Airplane Owner Maintenance

A Maintenance Oriented Podcast For Airplane Owners

Month: December 2016

047 – Airplane Owners Beware of Nosegear Damage Caused by Towing Equipment!

As an airplane owner, do you have your airplane moved around the airport by ground personnel, using power tug equipment?

If so, make sure it’s being done properly, safely, and competently.

And after listening to today’s episode, you may find yourself wanting to avoid power tugs on your airplane as much as possible.

After all, nosegear parts can be broken in a heartbeat if the steering limits are exceeded while towing your airplane.

Consider the nosegear on this Piper Archer that arrived at our airport awhile back:









Even an amateur detective could figure this one out.  The nosegear was turned past the steering stop (probably with some type of airplane tug,) and it broke the steering arm right off.  This piece is made of steel and is quite strong, so it took A LOT of force to do this!  Oops!

Moving airplanes around on the ground requires careful attention!

Whenever possible, have your airplane moved using a simple hand operated tow bar, and you can avoid what happened to this Piper Archer, and so many other airplanes.

Listen to today’s episode to hear some other stories about other airplanes… this is something that happens too frequently.

Check out this article about a gear up landing, probably due to nosegear damage by ground personnel:

So, here are a few recommendations for protecting your airplane’s nosegear:

  1.  Avoid the use of tractor-type tugs and golf cart type tugs, whenever possible.  It’s so easy to exceed the tow limits with these.

       2.  If you need to have your airplane moved with a tug, inspect the nosegear and steering system as thoroughly as possible before flying.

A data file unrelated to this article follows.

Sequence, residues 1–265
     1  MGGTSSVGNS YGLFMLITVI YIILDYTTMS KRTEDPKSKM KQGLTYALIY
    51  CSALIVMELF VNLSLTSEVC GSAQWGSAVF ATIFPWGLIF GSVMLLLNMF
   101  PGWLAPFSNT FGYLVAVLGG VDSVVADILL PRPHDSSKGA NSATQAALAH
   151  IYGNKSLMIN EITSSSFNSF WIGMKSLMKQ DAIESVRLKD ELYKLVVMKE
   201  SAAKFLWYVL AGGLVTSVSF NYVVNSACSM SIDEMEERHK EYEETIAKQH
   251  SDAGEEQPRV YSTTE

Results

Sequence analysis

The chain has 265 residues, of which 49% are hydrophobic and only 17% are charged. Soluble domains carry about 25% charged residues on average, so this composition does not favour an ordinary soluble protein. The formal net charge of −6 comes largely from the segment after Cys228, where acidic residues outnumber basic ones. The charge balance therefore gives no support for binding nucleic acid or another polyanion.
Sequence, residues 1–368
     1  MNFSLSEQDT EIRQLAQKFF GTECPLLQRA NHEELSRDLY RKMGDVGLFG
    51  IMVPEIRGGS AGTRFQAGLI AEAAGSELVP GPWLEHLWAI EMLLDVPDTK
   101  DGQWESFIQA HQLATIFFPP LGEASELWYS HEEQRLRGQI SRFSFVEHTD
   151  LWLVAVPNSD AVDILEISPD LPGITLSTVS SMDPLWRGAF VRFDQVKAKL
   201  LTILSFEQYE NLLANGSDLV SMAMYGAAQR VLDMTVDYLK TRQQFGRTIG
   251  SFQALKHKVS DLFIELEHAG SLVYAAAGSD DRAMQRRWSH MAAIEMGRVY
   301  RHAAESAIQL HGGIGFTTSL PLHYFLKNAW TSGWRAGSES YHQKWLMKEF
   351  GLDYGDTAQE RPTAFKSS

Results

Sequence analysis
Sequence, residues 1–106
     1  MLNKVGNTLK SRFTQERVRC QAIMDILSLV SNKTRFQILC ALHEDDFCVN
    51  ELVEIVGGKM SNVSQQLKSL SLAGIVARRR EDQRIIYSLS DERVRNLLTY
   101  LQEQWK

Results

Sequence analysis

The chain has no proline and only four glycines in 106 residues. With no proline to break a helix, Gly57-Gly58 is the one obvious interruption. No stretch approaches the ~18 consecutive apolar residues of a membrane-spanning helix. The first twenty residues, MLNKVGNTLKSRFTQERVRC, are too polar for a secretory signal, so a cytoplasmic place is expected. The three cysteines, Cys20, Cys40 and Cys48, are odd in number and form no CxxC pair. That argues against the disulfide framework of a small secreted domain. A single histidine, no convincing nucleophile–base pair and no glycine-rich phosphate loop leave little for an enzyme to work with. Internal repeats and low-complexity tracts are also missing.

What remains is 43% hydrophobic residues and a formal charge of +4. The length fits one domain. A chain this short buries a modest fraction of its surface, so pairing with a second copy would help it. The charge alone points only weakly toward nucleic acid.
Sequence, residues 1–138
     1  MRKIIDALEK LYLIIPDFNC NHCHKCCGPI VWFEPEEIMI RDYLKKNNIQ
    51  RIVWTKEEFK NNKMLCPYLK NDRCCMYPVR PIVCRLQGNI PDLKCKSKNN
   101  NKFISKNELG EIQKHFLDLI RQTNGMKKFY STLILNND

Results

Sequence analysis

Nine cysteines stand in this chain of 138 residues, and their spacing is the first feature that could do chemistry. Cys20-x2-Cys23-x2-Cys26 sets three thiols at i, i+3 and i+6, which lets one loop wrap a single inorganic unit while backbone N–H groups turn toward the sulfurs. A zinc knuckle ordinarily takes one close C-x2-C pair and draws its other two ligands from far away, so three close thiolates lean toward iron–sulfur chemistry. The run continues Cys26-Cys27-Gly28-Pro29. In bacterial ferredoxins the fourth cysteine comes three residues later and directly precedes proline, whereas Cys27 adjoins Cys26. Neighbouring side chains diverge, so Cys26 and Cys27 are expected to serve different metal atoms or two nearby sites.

3.  Also, after your airplane has been moved with a tug, check the operation of the steering system thoroughly… make sure it responds and turns well both directions, and there are no unusual noises.  We had an airplane in our shop the other day, that was recently purchased, and it was missing some steering hardware… oops!  Apparently, there had been some difficulty turning the airplane in one direction… no kidding!

       4.  Confirm that any required or optional steering limit placards are installed.  If they are unreadable, get new ones!

       5.  Remember, for retractable landing gear airplanes, the steering system is very much connected with the landing gear retraction system, so a problem with the steering system can cause a problem with gear retraction.  Make sure they are both in good working order.

Thanks for joining me today.

Happy New Year everyone!



046 – A Simple Alternator Inspection and a Christmas Greeting!









Electrical power… you need it in your airplane, especially for night flying and for IFR.

In light of this, you want to avoid surprise electrical problems, if at all possible.

So here is one simple inspection that you, as an airplane owner, can do yourself, to help verify that your alternator will perform reliably when you need it most.

Listen to today’s episode, and do this simple test, as shown in the following video:

If you see this condition on ANY of your alternator terminals, get it fixed ASAP!